Morag Mccrorie’s research focuses on exploring the experience of women in senior leadership in international schools. The study explores the career trajectories of these women as well as what has supported or hindered their journey to senior leadership.
Afzal Munna’s qualitative study is into providing a comprehensive understanding of how various intersecting factors, such as race, ethnicity, nationality, and socio-economic background, influence the educational experiences and opportunities of migrant students in higher education in the UK. It aims to shed light on both the challenges they face and the strategies that can enhance their inclusion and success.
Sarah Pearce's research focuses on international schools and their leadership. Her doctoral thesis is a study of the perceptions of school leaders of the factors that influence the way that both national and international identities are legitimised within a school.
Eleanor Prescott’s research investigates ow senior leaders in non-traditional international schools cope and survive. Using evidence from British Satellite Colleges in Asia this study aims to give voice to lived experiences of senior leaders currently missing in research, to better understand how despite their ‘precarious privilege’ they survive or even thrive in these leadership contexts.
Mary Beth Romo
Mary Beth’s doctoral study considers two ways of viewing an International Baccalaureate Diploma Programme (IBDP) education: one in terms of its contribution of global citizens who work to address social injustice and environmental crises and the other in terms of its reproduction of a privileged class of a global elite. This qualitative research methodology involves interviewing alumni about their life trajectories and perceived links to IB educational goals.
Simon Probert's doctoral research is around curriculum design in the Chinese international school sector, with an emphasis on student understandings and perceptions of internationalism, and the relevance of post-colonialism to this field. The study examines the growth of British-branded overseas Satellite Colleges within the sector, and ways they represent the continuing evolution of international education.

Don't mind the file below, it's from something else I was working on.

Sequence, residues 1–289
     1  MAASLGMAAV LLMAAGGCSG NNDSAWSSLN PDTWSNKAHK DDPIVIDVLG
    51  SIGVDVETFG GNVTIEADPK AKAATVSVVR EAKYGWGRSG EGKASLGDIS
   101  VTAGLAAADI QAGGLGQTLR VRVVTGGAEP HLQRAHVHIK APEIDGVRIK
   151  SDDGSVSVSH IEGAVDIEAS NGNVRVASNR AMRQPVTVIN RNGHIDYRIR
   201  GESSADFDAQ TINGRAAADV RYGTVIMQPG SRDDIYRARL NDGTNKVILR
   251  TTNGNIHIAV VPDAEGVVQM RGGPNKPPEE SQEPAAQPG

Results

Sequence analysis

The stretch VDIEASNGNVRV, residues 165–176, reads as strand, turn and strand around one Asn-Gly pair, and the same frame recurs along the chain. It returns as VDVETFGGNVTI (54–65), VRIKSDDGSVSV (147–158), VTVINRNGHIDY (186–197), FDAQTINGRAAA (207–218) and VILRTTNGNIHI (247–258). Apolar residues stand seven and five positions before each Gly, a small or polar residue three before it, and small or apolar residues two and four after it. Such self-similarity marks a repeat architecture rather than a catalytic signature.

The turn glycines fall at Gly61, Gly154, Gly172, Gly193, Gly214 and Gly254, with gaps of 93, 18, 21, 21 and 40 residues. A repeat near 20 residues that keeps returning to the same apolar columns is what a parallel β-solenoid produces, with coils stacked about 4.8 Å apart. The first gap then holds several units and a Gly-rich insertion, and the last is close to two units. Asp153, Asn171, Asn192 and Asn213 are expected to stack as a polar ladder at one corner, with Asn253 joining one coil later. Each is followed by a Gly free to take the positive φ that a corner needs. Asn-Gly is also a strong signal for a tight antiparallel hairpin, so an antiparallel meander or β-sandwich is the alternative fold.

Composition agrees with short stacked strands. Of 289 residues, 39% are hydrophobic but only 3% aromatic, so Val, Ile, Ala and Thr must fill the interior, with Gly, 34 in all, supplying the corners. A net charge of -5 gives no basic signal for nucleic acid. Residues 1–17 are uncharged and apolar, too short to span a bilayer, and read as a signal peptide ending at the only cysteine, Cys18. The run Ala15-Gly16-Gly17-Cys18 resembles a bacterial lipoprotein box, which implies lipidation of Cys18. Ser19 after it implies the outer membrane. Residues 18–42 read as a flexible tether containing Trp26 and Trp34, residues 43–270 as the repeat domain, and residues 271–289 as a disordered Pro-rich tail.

Katherine Roundy’s research is using the Intercultural Development Inventory to complete pre- and post-course assessments of a gap semester travel programme for pre-university students. This data is being contextualised through the use of surveys about the curriculum included in each course and post-course interviews with both students and instructors.
David Suits’ qualitative study explores the development of creative thinking in 16-year-old International Baccalaureate Middle Years Programme (IBMYP) Design students from diverse nationalities at an international school in Northern Europe. This will provide insights that influence and enhance the programme’s approach to fostering creative thinking.
Damion Walker’s doctoral study focuses on understanding the organisational needs of an Elite Traditional International School (ETIS) in Canada. Using a mixed-method approach, it explores what faculty and students perceive to be the most important elements of their institution’s expressive culture.
Ziang Wang’s doctoral study explores the lived reality of Chinese students attending an International Branch Campus in mainland China affiliated with a university in England. The study looks at the students’ experiences and reasons for choosing to attend an IBC.
Daniel Grant Williams’ research interests include adapting and applying a critical realist perspective to comparative analyses of educational systems using international large-scale assessment (ILSA) data with a focus on knowledge capital theory and political economy.
Jiaqi Wu's doctoral research investigates gender performance gaps in education across multiple countries and identifies their root causes, mechanisms, and consequences. The study uses international large-scale assessments for cross-national comparative analyses to identify the root causes and mechanisms of gender performance, while qualitative research through student interviews and classroom observations investigates potential consequences.